Playa Salinitas, El Salvador

I am back in El Salvador with another great team of volunteers from Kingsland. The short three-hour flight from Houston to San Salvador hardly seems like much of a journey to me because I am so accustomed to those long 15-hour trans-Atlantic flights. But, I am not complaining. A short flight in the same time zone without the prospect of jet lag is very nice indeed.

Little Tomasa de Jesus

The three hours in the air passed even more quickly because I sat next to Nate, a young missions pastor from a church in Ohio. We talked shop most of the flight. The rest of the time we both enjoyed chatting in Spanish with a sweet 88 year-old woman seated next to us. She was concerned about not being able to carry her heavy bags. I told her that we would be like sons to her and carry her bags. I also filled out her customs form since she did not read or write. God placed us exactly where He needed us in order to help this intrepid little traveler who prayed fervently before we landed.

Team on Arrival

Once we walked out of the air-conditioned terminal, El Salvador greeted us with its usual hot and humid embrace. It only took minutes for each of us to break into a sweat as we tossed our gear onto the top of the van. After a quick lunch at Pollo Campero we headed out of town on the Ruta de las Flores or Route of Flowers, a 22-mile scenic highway through the heart of El Salvador’s coffee country.

El Faro del Pacifico

One of the familiar sights along this beautiful route is the famous Volcan de Izalco, one of El Salvador’s most visually dramatic and youngest volcanoes. Izalco formed in 1770 and erupted almost continually until 1966. The eruptions were so violent that they could be seen by sailors at sea, hence earning the volcano the nickname “El Faro del Pacifico” or “The Lighthouse of the Pacific.”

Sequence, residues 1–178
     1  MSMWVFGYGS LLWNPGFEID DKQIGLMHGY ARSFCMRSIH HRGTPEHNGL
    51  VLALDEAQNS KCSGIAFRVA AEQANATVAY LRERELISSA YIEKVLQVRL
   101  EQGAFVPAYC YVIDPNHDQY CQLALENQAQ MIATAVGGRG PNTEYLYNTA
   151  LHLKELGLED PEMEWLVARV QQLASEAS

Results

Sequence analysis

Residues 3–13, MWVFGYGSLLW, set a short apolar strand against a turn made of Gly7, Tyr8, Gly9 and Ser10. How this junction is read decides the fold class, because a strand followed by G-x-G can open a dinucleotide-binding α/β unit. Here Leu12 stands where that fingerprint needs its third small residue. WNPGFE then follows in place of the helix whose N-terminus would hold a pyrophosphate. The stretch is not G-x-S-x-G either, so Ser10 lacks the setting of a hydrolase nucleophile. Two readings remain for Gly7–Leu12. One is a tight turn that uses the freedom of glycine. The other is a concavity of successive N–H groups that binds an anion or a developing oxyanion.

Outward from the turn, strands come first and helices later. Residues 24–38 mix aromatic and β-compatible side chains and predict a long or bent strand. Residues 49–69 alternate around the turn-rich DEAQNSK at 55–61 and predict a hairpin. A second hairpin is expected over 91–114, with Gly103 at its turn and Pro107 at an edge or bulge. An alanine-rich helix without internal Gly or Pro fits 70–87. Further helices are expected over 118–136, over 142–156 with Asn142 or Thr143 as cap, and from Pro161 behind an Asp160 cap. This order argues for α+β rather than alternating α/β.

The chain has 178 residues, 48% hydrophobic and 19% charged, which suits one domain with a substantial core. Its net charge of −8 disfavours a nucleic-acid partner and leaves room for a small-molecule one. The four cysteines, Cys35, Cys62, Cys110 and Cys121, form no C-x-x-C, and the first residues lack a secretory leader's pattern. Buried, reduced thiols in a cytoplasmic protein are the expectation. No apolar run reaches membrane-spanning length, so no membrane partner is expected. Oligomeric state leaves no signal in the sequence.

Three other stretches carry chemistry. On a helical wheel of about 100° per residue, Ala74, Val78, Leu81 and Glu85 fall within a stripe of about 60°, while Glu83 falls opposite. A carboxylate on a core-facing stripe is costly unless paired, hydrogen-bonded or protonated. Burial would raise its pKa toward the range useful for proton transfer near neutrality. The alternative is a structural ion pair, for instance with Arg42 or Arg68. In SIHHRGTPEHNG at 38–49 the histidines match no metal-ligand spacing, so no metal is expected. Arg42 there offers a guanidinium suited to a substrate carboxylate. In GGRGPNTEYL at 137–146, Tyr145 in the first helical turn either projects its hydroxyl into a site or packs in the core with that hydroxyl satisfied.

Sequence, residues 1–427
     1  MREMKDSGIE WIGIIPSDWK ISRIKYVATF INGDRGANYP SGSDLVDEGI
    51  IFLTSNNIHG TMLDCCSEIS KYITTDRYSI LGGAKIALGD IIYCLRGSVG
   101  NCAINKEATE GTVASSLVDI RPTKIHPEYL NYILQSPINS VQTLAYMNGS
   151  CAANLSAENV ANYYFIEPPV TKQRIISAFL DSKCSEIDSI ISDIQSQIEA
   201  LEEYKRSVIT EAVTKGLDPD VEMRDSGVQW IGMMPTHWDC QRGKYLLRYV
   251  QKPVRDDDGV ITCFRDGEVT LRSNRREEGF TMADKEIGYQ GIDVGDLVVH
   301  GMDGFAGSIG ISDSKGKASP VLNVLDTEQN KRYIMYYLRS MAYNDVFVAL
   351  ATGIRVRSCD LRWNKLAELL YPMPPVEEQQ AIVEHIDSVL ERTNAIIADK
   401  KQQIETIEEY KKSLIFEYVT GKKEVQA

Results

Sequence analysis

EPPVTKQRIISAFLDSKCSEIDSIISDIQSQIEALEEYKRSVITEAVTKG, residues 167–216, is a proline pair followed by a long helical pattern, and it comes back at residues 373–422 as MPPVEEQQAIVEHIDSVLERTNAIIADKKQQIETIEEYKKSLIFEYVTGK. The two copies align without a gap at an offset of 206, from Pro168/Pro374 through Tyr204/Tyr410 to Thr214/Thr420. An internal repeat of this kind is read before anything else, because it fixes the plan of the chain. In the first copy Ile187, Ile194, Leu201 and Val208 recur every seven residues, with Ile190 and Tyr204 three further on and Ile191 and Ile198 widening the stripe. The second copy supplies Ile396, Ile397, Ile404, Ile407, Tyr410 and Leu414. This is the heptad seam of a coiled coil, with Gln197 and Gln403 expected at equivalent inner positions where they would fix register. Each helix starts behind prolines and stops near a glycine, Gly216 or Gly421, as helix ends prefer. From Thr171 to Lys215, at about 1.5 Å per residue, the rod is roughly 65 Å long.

Bike Machete

Because I have traveled to El Salvador so many times before, it’s easy to allow the familiarity of sights like El Faro del Pacifico to lull me into a state of been there, done that, seen that. The challenge for me is to look beyond the familiar to notice things I have not previously seen — sort of like seeing a movie for the second or third time and hearing or noticing things I had previously missed. For example, when we stopped for fuel today, I noticed a machete wedged into the frame of a bike that had seen better days. Everyone in these parts carries a machete — the multi-tool of rural folk. Little things like this are a clue to what life is like here, clues that are easy to miss or dismiss.

So, this week I want to intentionally look beyond the familiar to see El Salvador again for the first time. We are all anxious to begin our work at Valle Nuevo, a village located more than a hour’s drive away near the Guatemalan border. We will drill a water well at the local school there where the kids of farmers and laborers attend. Our prayer is that the gift of clean water will improve the lives of the people and that sharing the Living Water will quench an even deeper thirst. We can’t wait to get started.